As a musician and teacher, I’ve had the opportunity to explore more of the world than I ever imagined. Working with students and collaborating with musicians in places such as Cuba, Central America, Haiti, East Asia, India, the UK, and Western Europe has shown me a prevailing beauty of humanity and the powerful connectivity music can bring to the world; music is an agent for change. While I always wanted to teach at Lawrence, I honestly never expected my path would take me back here; I am so grateful to be part of a place that feels like home and offers so many opportunities for members of its community to thrive. 

Out of the classroom

This or that: If you weren’t teaching for a living, what would you be doing?  

I’ve always been interested in exploring the intersections of music and philosophy, and here at Lawrence I teach an Aesthetics of Music course, which explores notions of musical meaning, expression, emotion, and beauty. This type of discipline is inherently limited by human perception and language, and words often fall short. Over the past decade, I’ve become increasingly interested in the intersection between music cognition and neuroscience, initially through the work of Daniel Levitin and his book, The World in Six Songs. The popular cliché, “You don’t choose music, music chooses you,” definitely applies to me. If I wasn’t a teacher and performer, music would still be a big part of my life. I also enjoy working with my dog, Cleo, an 18-month-old standard poodle, toward becoming a therapy dog. I think that would be a rewarding experience as well.

Right at home: Whether for work, relaxation or reflection, what’s your favorite spot on campus?

My favorite spot is in the balcony of Memorial Chapel. The ephemeral nature of musical performance can be as fascinating as it is frustrating. I like to imagine that the windows, walls, ceiling, lights, and stage share a collective memory of so many great performances, convocations, lectures, and events, which seems magical.

One book, one recording, one film: Name one of each that speaks to your soul? Or you would recommend to a friend? Or both?

Book: The Immortal Life of Henrietta Lacks (2010) by Rebecca Skloot

Henrietta Lacks was an American black woman who died of cervical cancer in 1951, when she was 31. Without her or her family’s knowledge, cells from her biopsy were used to conduct groundbreaking medical research, and they continue to be used in highly profitable ways to this day. This book examines issues of biomedical ethics, bodily autonomy, privacy, informed consent, and legacy and shows how reckoning with the past through meticulous research can lead to greater truth, understanding, and the possibility for reconciliation.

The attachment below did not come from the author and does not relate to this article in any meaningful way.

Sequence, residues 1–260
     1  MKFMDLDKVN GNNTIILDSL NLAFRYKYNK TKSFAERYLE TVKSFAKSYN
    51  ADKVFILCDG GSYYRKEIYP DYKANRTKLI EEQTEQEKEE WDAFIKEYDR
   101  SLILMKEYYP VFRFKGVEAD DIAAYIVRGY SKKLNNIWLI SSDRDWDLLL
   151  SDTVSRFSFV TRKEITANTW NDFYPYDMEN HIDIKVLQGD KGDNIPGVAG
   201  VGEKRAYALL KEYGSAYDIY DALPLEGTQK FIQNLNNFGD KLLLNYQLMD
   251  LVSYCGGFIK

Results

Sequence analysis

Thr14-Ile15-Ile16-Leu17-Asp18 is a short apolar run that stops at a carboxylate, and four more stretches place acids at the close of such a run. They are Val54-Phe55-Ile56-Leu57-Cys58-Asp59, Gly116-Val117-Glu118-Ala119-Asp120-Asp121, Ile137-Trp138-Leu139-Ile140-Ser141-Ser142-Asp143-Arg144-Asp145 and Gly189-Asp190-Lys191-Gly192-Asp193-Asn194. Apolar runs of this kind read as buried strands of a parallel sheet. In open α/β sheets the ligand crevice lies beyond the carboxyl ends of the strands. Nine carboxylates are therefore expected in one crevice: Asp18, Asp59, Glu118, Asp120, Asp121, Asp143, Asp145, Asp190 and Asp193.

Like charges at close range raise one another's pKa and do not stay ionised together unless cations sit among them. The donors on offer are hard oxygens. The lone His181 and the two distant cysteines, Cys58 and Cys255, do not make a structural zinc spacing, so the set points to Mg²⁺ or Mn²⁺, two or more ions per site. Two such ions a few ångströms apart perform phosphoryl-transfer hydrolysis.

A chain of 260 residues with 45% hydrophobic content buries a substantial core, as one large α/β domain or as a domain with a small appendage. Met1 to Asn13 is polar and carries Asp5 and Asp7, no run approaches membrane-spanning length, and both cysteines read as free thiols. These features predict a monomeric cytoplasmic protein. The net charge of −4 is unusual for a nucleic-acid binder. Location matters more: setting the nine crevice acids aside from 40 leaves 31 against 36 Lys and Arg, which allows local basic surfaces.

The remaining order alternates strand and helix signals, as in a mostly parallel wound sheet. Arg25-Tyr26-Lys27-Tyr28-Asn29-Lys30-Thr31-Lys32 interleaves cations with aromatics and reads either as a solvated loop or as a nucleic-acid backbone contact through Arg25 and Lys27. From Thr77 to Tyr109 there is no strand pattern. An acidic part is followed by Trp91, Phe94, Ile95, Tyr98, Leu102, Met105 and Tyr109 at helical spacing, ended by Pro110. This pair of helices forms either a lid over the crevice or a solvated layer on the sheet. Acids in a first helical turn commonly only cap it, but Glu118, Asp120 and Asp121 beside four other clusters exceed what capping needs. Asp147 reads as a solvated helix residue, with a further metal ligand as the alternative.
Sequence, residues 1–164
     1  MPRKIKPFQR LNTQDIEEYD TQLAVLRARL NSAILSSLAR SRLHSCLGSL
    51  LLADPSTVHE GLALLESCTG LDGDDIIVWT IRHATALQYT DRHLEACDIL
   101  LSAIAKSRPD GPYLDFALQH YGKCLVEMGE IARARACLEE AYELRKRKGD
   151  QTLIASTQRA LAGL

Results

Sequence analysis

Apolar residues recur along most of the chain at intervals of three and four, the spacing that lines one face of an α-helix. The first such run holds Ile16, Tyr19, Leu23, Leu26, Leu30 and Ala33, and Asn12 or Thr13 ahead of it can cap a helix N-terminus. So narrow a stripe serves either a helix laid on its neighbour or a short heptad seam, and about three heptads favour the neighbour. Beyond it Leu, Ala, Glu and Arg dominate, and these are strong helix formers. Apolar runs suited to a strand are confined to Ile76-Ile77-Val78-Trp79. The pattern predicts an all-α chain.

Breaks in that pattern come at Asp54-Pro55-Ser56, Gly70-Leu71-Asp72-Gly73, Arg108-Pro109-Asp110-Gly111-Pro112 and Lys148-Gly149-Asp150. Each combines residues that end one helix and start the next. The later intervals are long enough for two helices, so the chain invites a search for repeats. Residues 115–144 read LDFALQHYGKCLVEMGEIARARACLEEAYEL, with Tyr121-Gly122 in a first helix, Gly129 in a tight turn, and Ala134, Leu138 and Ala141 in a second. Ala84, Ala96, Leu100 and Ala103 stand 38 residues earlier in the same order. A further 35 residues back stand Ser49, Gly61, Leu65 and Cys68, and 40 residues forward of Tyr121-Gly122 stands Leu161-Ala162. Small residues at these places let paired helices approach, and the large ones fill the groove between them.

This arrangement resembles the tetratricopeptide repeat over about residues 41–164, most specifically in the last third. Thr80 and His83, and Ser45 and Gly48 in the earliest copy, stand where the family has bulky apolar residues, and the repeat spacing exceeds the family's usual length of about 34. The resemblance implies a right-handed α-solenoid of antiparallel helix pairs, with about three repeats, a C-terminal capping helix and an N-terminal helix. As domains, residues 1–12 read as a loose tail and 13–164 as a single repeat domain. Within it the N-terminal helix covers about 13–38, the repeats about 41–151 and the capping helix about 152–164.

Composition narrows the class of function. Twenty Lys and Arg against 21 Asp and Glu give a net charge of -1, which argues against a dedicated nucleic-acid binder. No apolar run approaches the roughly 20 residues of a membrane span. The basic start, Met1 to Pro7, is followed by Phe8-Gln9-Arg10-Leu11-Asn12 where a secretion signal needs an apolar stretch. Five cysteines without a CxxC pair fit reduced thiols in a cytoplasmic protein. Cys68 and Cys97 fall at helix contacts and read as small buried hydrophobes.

Recording: Compostela (2022) 

Compostela was recorded by bassoonist Eric Van der Veer Varner in 2018 and was inspired by the Camino de Santiago pilgrimage. It was just released on MSR Classics. This pilgrimage fascinated Eric; he researched it extensively and hoped to make the journey someday. For me, this recording has an ethereal and transcendent quality. Eric and I were colleagues for 10 years in a woodwind trio. He was 45 years old when he died suddenly while we were on tour in Bangkok, Thailand, shortly before the pandemic. It felt like my world had collapsed. Last year, I used Lawrence’s winter break to walk the Camino de Santiago from Lisbon, Portugal to Santiago de Compostela, Spain, in Eric’s memory. I walked more than 500 miles, and photos from this journey were selected for the cover and album art for his recording. Through sadness, grief, hope, joy, and gratitude, a pilgrimage reveals the power and beauty of the natural environment and offers ways to reconnect with ourselves and to the world around us. I’m really looking forward to Lawrence’s spring-term convocation, when professors Madera Allan and Constance Kassor will be talking about pilgrimages.

Movie: Somewhere in Time (1980)

This movie was highly recommended by my first oboe teacher, back when I was in elementary school. I mentioned the movie to my mom, and it quickly became one of her favorites. It’s one of those movies that I didn’t really get when I was young, although I always loved the ways it used music by Rachmaninoff, one of my mom’s favorite composers. My mom passed away about 10 years ago, and I miss her dearly. She was an amazing person, and through this movie, I feel like I can reconnect to her in some way and get to know her better as a whole person, not just as my mom.